But then it’s 1995, and Dylan starts his spring tour in Prague on 11 March, opening the concert with the pleasant surprise “Crash On The Levee” in a considerably roughened version with stadium rock-like Rolling Stones quality. It does please; the song stays on the setlist and is used 88 times as a concert opener in 1995. Ditto in ’96 and ’97; dozens of times on the setlist, always as an opener. In the run-up to the recording days for “Love And Theft” (8-21 May 2001), Dylan plays the song less often, and “Crash On The Levee” is no longer the opener, but the song is still alive – two days before Dylan goes into the studio, 6 May 2001, he plays the song in Memphis, as number six on the setlist.

It is further notable that the last three performances of the song (4, 5 and 6 May) are each preceded by the cover of the time-honoured Roy Acuff song “This World Can’t Stand Long” (1947), the song Dylan has been performing with some regularity since 2000 – always respectful and quite authentical acoustic performances, usually with Larry Campbell on mandolin, Charlie Sexton and Dylan acoustic guitar,Tony Garnier on upright bass and modest drum accompaniment by David Kemper, ending with the chorus as a fine three-part a cappella. In an arrangement, in short, that is already suspiciously close to the studio recording of “High Water”. The substantive link with “Crash On The Levee” – and by extension with “High Water” – is of course obvious:

This world was destroyed before
Because it was so full of sin
And for that very reason now
It's gotta be destroyed again

… after all, Roy Acuff’s song recalls the greatest flood of all.

So on 4, 5 and 6 May, Dylan plays “This World Can’t Stand Long” plus “Crash On The Levee” sisterly side by side, and on Tuesday 8 May he enters the studio in New York for the recording of “Love And Theft”. The first two days are spent taping “Tweedle Dee & Tweedle Dum”, “Summer Days” and “Honest With Me”, Thursday and Friday the band is off, Saturday 12 May is spent recording “Bye And Bye” and “Floater”, then three days off, and from Wednesday 16 May to Saturday 19 May the rest of the album is recorded (and on Monday 21 May another recording day is dedicated to the Time Out Of Mind-outtake “Mississippi”). Thursday 17 May is reserved for “High Water”. Two takes, the first being chosen for the album.

An educated guess is that Dylan wrote “High Water (for Charley Patton)” in the days leading up to its recording. We owe the clearest indication of this to engineer Chris Shaw’s testimony in Uncut, the revelation that “a lot of editing” took place, and that the editing included the verse order of “High Water” – apparently the song was not yet finished when recording began.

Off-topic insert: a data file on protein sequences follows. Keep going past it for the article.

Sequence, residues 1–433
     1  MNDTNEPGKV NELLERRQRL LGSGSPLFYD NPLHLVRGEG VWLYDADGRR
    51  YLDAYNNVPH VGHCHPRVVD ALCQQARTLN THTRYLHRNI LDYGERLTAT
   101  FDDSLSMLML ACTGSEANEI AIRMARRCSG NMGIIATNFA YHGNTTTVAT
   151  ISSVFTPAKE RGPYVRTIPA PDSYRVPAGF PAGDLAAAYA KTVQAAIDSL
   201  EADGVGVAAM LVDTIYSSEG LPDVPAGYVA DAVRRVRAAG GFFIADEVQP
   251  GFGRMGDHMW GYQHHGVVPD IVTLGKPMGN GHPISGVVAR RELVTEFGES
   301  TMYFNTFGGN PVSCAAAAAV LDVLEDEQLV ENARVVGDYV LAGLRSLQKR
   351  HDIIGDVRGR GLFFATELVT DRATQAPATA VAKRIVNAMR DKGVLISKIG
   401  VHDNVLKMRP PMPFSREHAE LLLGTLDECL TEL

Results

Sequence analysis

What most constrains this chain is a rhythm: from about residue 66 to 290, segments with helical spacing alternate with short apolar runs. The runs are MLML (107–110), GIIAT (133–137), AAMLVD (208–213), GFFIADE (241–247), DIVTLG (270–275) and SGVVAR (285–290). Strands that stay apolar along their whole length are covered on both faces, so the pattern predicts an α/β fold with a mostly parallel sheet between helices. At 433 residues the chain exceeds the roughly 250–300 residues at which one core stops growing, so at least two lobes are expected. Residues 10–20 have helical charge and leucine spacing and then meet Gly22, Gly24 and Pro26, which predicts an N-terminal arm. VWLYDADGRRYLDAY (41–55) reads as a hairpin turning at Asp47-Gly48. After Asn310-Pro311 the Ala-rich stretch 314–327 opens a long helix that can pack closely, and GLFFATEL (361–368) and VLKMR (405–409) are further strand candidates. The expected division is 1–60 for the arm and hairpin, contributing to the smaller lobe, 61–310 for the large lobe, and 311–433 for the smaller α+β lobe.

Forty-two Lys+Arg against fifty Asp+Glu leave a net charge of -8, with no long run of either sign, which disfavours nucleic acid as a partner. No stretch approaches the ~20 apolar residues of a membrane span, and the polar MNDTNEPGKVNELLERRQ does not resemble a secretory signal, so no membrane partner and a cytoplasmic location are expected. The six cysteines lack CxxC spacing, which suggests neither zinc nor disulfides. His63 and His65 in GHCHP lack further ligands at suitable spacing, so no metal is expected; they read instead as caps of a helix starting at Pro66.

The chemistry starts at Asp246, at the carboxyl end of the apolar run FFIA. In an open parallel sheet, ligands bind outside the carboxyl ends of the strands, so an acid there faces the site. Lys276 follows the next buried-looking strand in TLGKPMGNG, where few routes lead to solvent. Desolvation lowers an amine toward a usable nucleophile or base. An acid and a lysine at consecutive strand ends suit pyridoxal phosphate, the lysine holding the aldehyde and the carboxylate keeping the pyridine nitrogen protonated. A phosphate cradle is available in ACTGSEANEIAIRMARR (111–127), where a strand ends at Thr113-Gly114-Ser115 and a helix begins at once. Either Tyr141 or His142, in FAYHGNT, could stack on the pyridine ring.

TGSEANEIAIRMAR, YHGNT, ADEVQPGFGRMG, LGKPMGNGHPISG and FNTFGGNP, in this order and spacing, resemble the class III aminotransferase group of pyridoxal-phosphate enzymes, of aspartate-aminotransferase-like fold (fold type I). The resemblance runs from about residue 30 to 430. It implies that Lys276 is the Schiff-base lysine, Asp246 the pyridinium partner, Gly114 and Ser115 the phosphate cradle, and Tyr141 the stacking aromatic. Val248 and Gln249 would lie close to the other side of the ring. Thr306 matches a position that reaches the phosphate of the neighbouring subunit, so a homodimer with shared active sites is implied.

The most likely scenario for the creation process is then, all things considered:

– in the week before Dylan goes into the studio, he plays the combination “This World Can’t Stand Long” with “Crash On The Levee” three times; the word combination high water risin’ is now floating somewhere in the upper stream of his prefrontal cortex;

high water risin’ floats almost naturally into an already deepened navigation channel, the channel dug à l’improviste in the Basement by “Crash On The Levee” 34 years ago;

– after a few lines Dylan notices this too, but thankfully the rhyme finding old love affair / everywhere opens new vistas – high water’s everywhere leads the flow of thought to Charley Patton.

At least, that apostrophe -s in high water’s everywhere seems to tell us that Charley Patton’s “High Water Everywhere” was not the catalyst, but suddenly comes out of the blue now. “None of those songs with designated names are intentionally written,” Dylan says in that same 2020 New York Times interview, “they just fall down from space. I’m just as bewildered as anybody else as to why I write them.”

To be continued. Next up High Water (For Charley Patton) part 20: Odds and Ends

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Jochen is a regular reviewer of Dylan’s work on Untold. His books, in English, Dutch and German, are available via Amazon both in paperback and on Kindle:



One comment

  1. Great article thanks for publishing! I like how it hearkens back, and draws parallels to “Down In The Flood (Crash On the Levee)” and alludes to Roy Acuff cover. Very well researched and organized along with visuals and recordings.

    This song can be representative of so many things in our world today in a metaphorical sense. I think”High Water…” can be viewed from a number of perspectives like most, if not all, of Bob’s material. Bob’s lyrics are so open; often underpinned by nuances and combinations of: social – political -spiritual – and many more as well as some personal aspects. If you even consider it from an environmental view it evokes the current global warming struggles.